What is an Achilles rupture?
Achilles rupture refers to when there is a complete tear through the tendon that connect your calf muscles to you heel bone. This disruption of the connection between the muscle and the tendon, makes the calf muscles unable to function normally so the patient will generally be unable to point their foot against any resistance. It is an uncommon injury to the Achilles, with tendinopathy (previously called ‘tendonitis’) the most common cause of injury and pain in this area by far. Patients often report feeling as though they have been kicked in their Achilles, feeling a sudden snap, or being shot in the calf. They may also report a snapping or cracking sound.
Who gets an Achilles rupture?
Contrary to popular belief, there is no clear evidence that prior pain or problems in the Achilles tendon increase the likelihood of sustaining a rupture. It is more common in males aged 30-50 years old, general occurs during sport (73%), overweight people, and has an incidence of 6-55/100,000 persons (Brorsson, 2017). There is also evidence that steroid (cortisone) injections into the tendon, long term use of corticosteroid medications (e.g. prednisone), Quinolone antibiotics (e.g. ciprofloxacin, norfloxacin), and systemic conditions (e.g. gout, lupus, rheumatoid arthritis) may increase the risk of Achilles rupture.
How does the Achilles tendon rupture?
The rupture usually happens during the phase of muscle contraction when the tendon is lengthening, as this when there is the most force on the tendon (Brorsson, 2017). The most common mechanisms described by patients for Achilles rupture include pushing off suddenly, landing from a jump, or tripping on stairs.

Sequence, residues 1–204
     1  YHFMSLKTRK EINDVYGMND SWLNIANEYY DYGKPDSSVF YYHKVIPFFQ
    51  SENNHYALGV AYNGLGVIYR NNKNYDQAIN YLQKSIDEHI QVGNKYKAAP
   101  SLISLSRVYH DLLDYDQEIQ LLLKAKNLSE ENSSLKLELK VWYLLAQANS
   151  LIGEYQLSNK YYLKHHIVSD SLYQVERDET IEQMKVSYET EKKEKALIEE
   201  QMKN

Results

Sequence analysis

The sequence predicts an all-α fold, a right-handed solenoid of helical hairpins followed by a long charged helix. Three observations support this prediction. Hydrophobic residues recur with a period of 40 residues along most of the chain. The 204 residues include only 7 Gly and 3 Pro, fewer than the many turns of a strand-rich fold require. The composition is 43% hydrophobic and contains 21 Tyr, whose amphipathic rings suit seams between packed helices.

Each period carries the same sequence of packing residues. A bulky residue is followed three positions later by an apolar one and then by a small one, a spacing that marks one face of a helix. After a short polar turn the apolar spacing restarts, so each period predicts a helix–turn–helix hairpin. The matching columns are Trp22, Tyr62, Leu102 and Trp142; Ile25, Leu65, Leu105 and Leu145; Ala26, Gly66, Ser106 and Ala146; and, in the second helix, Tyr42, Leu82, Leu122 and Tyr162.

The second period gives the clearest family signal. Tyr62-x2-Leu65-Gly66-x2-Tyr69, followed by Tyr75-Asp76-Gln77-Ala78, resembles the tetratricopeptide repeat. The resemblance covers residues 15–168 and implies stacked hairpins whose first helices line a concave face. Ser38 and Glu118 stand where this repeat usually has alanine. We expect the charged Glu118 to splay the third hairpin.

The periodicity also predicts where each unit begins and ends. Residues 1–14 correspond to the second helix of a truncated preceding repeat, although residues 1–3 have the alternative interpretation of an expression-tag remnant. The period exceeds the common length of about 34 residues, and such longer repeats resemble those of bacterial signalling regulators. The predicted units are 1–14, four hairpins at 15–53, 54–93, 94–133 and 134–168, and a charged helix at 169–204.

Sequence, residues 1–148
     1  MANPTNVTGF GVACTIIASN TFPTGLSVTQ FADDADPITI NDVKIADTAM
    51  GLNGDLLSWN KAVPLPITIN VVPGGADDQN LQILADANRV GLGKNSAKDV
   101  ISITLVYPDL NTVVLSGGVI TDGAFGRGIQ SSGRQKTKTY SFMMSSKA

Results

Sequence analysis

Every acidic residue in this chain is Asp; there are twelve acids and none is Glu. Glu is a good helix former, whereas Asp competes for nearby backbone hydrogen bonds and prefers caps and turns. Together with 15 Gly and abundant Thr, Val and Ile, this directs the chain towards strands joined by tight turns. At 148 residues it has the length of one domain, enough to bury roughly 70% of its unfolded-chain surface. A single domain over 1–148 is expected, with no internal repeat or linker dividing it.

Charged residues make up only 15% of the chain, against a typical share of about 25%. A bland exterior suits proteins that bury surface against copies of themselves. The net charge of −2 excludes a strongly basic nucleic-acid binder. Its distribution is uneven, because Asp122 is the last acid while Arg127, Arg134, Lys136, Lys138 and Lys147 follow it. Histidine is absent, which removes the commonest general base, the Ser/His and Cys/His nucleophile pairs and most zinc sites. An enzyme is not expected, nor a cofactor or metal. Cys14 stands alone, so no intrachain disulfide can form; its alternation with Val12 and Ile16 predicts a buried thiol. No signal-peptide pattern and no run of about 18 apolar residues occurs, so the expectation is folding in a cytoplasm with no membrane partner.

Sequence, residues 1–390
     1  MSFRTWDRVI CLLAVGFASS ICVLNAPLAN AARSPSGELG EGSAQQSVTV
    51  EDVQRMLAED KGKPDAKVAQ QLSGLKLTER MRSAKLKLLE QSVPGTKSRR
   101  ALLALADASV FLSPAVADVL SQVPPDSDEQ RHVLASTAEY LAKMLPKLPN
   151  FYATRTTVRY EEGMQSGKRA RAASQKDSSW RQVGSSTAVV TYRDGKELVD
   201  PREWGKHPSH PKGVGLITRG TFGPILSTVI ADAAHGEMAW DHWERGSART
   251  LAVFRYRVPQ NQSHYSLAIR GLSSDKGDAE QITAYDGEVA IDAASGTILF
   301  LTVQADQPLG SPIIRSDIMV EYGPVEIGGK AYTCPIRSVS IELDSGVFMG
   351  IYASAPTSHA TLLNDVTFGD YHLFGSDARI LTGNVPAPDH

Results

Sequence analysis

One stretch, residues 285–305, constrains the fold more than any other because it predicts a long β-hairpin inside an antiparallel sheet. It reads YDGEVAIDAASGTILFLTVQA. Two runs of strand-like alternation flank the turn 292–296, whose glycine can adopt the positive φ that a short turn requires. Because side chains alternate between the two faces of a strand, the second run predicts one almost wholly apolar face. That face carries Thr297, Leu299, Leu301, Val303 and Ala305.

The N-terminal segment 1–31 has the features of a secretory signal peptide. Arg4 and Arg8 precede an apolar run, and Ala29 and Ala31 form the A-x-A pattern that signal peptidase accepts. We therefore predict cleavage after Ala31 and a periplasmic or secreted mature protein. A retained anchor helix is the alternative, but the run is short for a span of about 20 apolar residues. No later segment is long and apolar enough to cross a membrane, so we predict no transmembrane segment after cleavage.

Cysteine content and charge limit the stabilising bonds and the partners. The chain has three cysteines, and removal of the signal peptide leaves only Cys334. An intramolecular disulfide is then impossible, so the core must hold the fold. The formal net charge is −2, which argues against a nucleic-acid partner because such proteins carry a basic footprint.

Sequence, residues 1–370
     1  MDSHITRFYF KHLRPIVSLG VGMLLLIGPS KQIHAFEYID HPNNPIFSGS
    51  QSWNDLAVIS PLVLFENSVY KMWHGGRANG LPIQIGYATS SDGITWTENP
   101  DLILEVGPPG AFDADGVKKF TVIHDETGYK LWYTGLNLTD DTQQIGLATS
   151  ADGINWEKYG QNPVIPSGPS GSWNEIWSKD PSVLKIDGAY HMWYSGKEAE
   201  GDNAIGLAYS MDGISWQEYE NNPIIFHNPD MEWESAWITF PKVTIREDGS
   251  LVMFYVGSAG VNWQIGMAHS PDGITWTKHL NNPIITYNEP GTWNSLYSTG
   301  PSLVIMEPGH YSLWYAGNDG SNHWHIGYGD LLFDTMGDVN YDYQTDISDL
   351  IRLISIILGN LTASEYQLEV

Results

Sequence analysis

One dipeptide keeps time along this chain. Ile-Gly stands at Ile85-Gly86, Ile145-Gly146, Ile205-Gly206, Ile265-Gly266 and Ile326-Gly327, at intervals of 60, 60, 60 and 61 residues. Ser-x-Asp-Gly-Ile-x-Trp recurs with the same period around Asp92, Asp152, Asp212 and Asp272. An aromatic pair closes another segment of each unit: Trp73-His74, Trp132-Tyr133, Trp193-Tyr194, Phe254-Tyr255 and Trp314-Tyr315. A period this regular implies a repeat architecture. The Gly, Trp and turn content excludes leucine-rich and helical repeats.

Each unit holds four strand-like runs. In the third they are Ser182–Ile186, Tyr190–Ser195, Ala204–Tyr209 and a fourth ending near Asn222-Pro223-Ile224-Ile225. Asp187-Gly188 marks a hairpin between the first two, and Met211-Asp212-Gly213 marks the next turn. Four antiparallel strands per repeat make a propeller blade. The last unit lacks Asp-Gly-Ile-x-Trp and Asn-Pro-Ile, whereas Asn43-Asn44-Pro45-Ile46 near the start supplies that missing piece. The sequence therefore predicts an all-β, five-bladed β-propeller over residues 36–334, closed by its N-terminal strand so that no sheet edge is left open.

How to diagnose an Achilles rupture?
An experienced health professional will be able to diagnose an Achilles rupture through:
- Listening to the patient’s description of the injury mechanism
- Palpating (feeling) the tendon for a defect/gap
- There is usually a lot of swelling around the tendon if it is a recent injury
- Performing a Thompson test: the patient is placed face down with the foot over the end of the bed. The examiner will squeeze the calf muscle. In a normal/uninjured Achilles, the foot will point as the calf is squeezed. In a ruptured Achilles, the foot will not. It is important that this test is performed by a qualified health professional.
- Ask the patient to point their foot and to do a calf raise in standing – a ruptured Achilles will not allow the patient to do a calf raise as the connection between the calf muscle and Achilles has been severed.
What are the treatment options Achilles rupture?
There are 2 main options for treating an Achilles rupture: surgical or conservative.
Surgical refers to having a procedure to stitch the torn ends of the Achilles back together. Following the surgery, the patient will be placed into a cast or boot for up to 12 weeks, depending on the surgeon’s post-operative protocol, with the heel of the foot raised to protect the Achilles repair site from stretching as it heals. Over the 12-week period, the height of the heel raise is gradually reduced and exercises to strengthen the muscles and tendons are introduced according to the surgeon’s protocol.